Culture and Customs of Bolivia

Culture and Customs of Bolivia

Culture and Customs of Bolivia

Culture and Customs of Bolivia

Synopsis

Why does Bolivia have two recognized capital citiesaeunlike any other nation in the Western Hemisphere? And why does Bolivia have an active naval military force when it is a landlocked country with no direct access to the sea? The answers lie in the historical events of Bolivia's past

Excerpt

Culture is a problematic word. In everyday language, we tend to use it in at least two senses. On the one hand, we speak of cultured people and places full of culture—uses that imply a knowledge or presence of certain forms of behavior or of artistic expression that are socially prestigious. In this sense, large cities and prosperous people tend to be seen as the most cultured. On the other hand, there is an interpretation of culture that is broader and more anthropological; culture in this broader sense refers to whatever traditions, beliefs, customs, and creative activities characterize a given community—in short, it refers to what makes that community different from others. In this second sense, everyone has culture; indeed, it is impossible to be without culture. The problems associated with the idea of culture have been exacerbated in recent years by two trends: less respectful use of language and a greater blurring of cultural differences. Nowadays, culture often means little more than behavior, attitude, or atmosphere. We hear about the culture of the boardroom, of the football team, of the marketplace; there are books with titles like The Culture of War by Richard Gabriel (1990) or The Culture of Narcissism by Christopher Lasch (1979). In fact, as Christopher Clausen points out in an article published in the American Scholar (Summer 1996), we have got ourselves into trouble by using the term so sloppily.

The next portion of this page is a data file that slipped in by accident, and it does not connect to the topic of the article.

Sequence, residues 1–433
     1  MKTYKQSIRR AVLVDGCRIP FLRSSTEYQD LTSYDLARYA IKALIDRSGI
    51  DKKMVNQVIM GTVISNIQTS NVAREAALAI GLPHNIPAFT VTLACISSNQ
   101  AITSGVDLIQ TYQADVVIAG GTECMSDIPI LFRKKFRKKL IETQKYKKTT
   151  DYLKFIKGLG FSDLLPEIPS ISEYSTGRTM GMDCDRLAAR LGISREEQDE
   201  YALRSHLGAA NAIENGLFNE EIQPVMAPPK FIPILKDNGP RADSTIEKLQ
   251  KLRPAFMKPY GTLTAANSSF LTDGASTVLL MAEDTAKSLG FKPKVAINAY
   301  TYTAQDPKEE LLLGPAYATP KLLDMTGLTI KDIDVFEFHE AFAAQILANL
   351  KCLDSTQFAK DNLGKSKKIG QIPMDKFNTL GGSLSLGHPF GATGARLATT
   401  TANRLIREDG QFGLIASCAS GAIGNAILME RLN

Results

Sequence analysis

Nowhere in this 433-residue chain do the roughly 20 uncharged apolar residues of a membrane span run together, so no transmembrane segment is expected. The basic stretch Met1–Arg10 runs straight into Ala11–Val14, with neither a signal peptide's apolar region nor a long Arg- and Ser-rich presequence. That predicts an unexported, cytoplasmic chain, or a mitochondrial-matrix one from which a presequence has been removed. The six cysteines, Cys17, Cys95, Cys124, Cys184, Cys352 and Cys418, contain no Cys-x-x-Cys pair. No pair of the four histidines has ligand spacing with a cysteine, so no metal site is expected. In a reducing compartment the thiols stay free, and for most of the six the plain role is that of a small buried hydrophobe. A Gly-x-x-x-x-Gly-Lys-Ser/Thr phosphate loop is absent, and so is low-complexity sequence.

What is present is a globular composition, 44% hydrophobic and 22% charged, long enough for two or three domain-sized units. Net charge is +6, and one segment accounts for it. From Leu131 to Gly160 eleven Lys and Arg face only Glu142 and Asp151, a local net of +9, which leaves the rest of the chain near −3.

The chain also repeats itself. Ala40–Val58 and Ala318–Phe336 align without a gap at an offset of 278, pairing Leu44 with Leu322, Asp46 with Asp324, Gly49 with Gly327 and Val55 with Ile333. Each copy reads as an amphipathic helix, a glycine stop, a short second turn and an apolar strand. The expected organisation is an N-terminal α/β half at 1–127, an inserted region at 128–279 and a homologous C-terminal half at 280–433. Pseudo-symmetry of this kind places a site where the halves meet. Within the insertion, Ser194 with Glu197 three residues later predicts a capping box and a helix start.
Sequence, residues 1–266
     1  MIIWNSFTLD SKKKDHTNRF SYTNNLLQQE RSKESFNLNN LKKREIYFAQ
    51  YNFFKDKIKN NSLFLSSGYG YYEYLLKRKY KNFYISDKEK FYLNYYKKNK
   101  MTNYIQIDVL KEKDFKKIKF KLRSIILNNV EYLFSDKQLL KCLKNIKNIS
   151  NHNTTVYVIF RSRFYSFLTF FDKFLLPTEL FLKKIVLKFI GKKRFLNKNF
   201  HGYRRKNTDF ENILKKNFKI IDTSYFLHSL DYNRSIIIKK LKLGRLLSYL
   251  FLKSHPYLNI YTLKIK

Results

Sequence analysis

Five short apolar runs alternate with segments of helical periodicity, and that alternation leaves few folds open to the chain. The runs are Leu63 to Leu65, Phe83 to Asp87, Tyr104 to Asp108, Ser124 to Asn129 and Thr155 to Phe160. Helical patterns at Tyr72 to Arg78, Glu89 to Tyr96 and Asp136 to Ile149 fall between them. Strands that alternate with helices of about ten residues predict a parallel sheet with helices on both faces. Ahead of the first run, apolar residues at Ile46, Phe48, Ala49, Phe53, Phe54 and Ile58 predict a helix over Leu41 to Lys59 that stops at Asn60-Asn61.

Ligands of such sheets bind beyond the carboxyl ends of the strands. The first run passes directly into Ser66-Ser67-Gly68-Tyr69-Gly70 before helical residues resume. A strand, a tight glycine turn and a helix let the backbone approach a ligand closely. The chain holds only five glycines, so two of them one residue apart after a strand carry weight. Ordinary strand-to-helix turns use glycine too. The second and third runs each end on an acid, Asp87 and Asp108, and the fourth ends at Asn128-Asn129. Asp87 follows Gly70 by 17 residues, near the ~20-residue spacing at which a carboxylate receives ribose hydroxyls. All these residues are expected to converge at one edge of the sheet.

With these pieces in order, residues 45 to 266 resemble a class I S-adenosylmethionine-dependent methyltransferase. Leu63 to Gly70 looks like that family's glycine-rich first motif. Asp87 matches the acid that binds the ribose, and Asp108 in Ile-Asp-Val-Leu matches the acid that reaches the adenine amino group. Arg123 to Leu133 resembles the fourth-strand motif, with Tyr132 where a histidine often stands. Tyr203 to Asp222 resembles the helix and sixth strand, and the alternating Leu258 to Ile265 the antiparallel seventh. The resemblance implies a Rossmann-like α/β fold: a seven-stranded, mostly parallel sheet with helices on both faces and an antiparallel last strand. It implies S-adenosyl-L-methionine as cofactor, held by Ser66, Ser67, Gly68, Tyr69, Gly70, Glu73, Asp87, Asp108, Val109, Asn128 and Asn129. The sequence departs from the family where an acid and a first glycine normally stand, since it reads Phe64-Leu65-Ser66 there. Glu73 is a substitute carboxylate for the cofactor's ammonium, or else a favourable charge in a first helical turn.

People who study culture generally assume that culture (in the anthropological sense) is learned, not genetically determined. Another general assumption made in these days of multiculturalism has been that cultural differences should be respected rather than put under pressure to change.

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